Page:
I know he was joking. Matt's got a sense of humor, and about half of what he and I exchange is jokey. (Take a look at his blog Urkat's Revenge, and you'll see some of his humor: http://urkatsrevenge.blogspot.com/.)
But the question got me to thinking that I should tell people what's going on.
My wife Linda's Uncle Charlie is dying of pancreatic cancer, and we've been down to Coconut Creek, Florida, to help him and Linda's dad Tony Calendrillo a couple three times in the last month. Linda's dad is doing a terrific job, but it's hard to help someone die all by yourself. Hillary Clinton would probably say you need a village, and she's probably right.
Charlie's a fighter. When he was younger, he was a serious student of karate, a guy who believed that discipline and foresight were the tickets in this life. Dying, he appears to feel the same way. He's thought through his dying and he's decided to do it at home, living the way he has always lived with as little interference from others as possible.
It's not easy.
The cancer has spread to most of his body, and he's a dark yellow from jaundice. He hasn't been able to eat much more than a little watermelon each day for the last two months, and so he's weighing in at about 90 pounds more or less. We can't really tell how much he weighs because moving him even a little is so painful to him.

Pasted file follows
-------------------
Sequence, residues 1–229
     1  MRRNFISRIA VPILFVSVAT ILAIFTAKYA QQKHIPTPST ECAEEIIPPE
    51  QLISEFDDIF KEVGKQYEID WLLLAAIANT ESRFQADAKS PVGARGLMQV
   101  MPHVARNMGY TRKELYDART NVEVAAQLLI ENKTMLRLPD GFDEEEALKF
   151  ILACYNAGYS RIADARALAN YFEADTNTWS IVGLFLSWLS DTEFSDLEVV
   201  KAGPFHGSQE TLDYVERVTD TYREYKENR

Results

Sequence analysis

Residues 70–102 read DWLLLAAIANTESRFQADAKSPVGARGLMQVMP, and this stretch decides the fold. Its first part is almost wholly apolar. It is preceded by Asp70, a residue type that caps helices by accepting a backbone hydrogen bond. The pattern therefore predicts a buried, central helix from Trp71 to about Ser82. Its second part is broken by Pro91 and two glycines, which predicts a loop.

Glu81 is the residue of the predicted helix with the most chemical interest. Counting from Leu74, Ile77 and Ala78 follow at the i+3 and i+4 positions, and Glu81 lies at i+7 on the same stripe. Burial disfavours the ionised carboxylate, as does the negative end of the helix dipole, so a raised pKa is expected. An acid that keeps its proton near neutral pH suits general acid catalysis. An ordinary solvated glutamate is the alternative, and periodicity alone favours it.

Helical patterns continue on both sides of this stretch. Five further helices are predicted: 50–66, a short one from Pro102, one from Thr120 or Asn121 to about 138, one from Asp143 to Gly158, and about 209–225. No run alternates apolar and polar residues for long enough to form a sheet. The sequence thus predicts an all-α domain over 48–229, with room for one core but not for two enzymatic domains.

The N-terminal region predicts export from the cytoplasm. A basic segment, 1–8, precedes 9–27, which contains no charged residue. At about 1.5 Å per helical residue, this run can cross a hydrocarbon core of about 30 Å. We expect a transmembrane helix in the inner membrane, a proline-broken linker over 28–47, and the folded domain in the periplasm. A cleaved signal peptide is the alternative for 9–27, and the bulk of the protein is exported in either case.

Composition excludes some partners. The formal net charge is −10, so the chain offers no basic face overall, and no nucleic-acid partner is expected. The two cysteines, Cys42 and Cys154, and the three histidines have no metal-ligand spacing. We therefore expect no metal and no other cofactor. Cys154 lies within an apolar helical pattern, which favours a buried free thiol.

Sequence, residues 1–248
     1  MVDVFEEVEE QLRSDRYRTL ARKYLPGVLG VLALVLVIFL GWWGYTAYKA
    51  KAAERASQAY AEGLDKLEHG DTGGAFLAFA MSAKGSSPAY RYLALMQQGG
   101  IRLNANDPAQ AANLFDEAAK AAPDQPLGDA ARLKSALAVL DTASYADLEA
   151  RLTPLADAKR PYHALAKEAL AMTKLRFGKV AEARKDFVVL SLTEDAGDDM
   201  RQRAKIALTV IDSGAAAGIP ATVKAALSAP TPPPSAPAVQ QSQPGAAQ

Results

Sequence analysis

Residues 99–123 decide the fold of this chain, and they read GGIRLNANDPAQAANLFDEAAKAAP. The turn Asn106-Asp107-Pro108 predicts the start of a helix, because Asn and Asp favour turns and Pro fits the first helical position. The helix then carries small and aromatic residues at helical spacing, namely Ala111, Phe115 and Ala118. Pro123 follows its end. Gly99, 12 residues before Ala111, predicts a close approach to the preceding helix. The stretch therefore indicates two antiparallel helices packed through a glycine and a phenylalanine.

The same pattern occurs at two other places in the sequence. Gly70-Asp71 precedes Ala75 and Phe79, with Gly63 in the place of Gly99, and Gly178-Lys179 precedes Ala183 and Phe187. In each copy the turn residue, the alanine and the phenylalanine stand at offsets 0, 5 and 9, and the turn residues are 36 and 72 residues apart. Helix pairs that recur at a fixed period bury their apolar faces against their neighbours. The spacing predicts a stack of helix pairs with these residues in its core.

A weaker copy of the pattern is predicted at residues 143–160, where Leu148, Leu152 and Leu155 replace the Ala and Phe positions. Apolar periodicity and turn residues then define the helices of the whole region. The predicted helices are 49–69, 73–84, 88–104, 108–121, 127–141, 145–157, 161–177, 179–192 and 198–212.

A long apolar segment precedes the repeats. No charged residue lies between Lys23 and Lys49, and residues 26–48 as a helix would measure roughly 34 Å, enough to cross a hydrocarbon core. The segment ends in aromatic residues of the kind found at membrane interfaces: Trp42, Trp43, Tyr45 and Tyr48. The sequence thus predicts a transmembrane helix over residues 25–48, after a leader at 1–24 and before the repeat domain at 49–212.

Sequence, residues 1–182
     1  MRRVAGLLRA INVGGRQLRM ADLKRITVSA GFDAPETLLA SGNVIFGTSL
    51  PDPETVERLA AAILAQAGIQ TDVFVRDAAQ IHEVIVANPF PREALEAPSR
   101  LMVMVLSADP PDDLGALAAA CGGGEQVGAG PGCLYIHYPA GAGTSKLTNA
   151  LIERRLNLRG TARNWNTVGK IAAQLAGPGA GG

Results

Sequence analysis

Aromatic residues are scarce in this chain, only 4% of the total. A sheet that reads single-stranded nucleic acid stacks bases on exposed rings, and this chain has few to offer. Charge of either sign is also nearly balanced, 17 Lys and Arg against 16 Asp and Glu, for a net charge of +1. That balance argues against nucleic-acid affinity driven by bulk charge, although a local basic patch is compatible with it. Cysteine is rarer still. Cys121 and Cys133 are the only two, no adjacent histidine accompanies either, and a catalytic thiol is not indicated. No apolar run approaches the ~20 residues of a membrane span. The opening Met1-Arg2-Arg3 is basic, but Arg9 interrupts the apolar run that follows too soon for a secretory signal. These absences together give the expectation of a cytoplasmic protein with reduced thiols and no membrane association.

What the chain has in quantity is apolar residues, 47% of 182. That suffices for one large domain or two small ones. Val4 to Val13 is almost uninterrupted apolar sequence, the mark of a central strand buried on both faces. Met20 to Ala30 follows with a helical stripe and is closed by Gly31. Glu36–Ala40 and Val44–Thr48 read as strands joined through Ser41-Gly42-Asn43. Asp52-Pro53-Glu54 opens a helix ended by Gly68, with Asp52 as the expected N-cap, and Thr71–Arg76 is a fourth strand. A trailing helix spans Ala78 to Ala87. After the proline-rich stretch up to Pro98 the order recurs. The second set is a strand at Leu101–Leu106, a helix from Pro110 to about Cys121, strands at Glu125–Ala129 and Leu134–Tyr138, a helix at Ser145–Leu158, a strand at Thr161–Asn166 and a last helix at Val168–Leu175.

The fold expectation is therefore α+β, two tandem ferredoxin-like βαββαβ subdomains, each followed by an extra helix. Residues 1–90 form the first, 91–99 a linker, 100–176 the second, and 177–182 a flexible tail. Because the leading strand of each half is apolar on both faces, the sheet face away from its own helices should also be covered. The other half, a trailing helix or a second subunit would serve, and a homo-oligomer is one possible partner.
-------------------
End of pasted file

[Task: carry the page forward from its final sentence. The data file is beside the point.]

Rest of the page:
Last week, he finally agreed to allow hospice into his home, and that's helped him a lot.
He spent a good portion of the 1950s as a performer, a trumpet player and band leader in LA and Phoenix and Las Vegas. He performed with Sarah Vaughn and Jimmy Durante and Ida Lupino and Rhonda Fleming. On stage, he played and sang and danced and told jokes.
Dying, he can't do much, but he can still tell jokes, and the hospice nurses who come to his house are a fresh audience.
He loves it.
When she was dying, my mom once looked around her busy hospital room at the nurses and patients rushing here and there, and she heard the voices in loud talk or laughter, and she turned to me and said, "Some of us are dying and the rest of you are going to a party."
What she said seemed profound to me. It seemed to get at something essential about what's going on around us -- always.
Yesterday, the last time Uncle Charlie was able to sit in a chair, before the pain of sitting made it impossible, he whispered to Tony and Linda and me, "Before I die, let's have a party ."